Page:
It thoroughly explains how to use the RadLexTM Playbook coding system and its structure. RadLex Playbook system compliance with the logical observation identifiers names and codes (LOINC) standard is being considered currently; Adopting uniform principles and the difficulties in mapping local regulations to standards principles are highlighted.

 It is also suggested that billing codes be used as a bridge in the mapping process to help overcome these roadblocks. Different brain structures and a wide variety of intracranial disorders may be seen.

It is shown in the article that code mapping may be somewhat automated using the RadLex Playbook Web service application programming interface.

Billing Guidelines

There must be a charge for the international diagnostic service code if a test was performed and evaluated by a physician, a billing agency, or both. When a GDS code, such as CPT code 70450, is used to charge a diagnostic service, such as a chest x-ray, the location is based on the ZIP code associated with the testing facility (no modifier TC no modifier -26). 

A physician or supplier organization must offer a diagnostic service’s TC and PC in the same MPFS payment zone. If this is not the case, the diagnostic service will not be able to be charged. The testing facility (or its billing agent) enters the address and ZIP code of the test’s location.

The CPT is a common standard for procedure codes (Current Procedural Terminology). However, since it was developed for billing purposes, it falls short in many situations.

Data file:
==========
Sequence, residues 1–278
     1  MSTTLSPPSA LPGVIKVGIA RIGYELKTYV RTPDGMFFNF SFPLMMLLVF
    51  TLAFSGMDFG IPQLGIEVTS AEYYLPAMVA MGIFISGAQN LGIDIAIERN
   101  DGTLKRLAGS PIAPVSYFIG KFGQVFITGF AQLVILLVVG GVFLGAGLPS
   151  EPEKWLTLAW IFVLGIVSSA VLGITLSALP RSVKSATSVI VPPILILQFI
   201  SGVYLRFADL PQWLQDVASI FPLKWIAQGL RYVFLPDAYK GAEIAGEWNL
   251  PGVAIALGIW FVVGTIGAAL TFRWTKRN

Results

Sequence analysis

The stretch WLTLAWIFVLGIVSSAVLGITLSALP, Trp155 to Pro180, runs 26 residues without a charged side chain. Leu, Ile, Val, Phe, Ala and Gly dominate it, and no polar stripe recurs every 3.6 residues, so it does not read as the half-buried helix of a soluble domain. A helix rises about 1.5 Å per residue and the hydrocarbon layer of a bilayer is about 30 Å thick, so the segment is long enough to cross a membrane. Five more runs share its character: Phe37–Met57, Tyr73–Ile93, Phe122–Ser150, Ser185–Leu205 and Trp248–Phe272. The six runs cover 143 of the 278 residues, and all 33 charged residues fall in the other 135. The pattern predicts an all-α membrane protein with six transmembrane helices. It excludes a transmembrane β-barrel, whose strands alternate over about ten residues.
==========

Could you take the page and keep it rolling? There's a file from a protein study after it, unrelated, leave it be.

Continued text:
The coding requirements for various operations varied a little, but a lot. For example, anatomic granularity or other differentiating characteristics stated in the codes may influence workflows. Consider, for example, MR imaging of the extremities. 

Computed tomography (CT) images may be used for a diagnostic head examination provided they are FDA-approved, sufficient for a particular ailment, reasonable, and essential for the individual patient’s health care needs.

It is necessary to assess whether or not a CCT scan is medically necessary based on the patient’s symptoms and a preliminary diagnosis before proceeding with the procedure.

Furthermore, radiology is constantly expanding, with new imaging methods regularly finding their way into clinical practice as new technologies are developed. Therefore, anatomic granularity is not the only factor that affects the ordering and billing procedure. 

When ordering radiology, many institutions provide specifics about the anatomy or region to be scanned during order input; (for example, “MRI shoulder without contrast”).

To bill for these tests under CPT Current Procedural Terminology, less specific codes (such as CPT Current Procedural Terminology 70450: “magnetic resonance [e.g., proton] imaging, any joint of the upper extremities, without contrast material[s]”) must be used. Other factors included such as clinical indications and examination complexity.

70450 cpt code description

How To Use Modifiers With The 70450 CPT Code

Using CPT® modifier 26, the provider’s effort, associated overhead, and professional liability insurance costs are included in the professional component of a global service or process. When this modifier is used, a service or activity is said to have human involvement.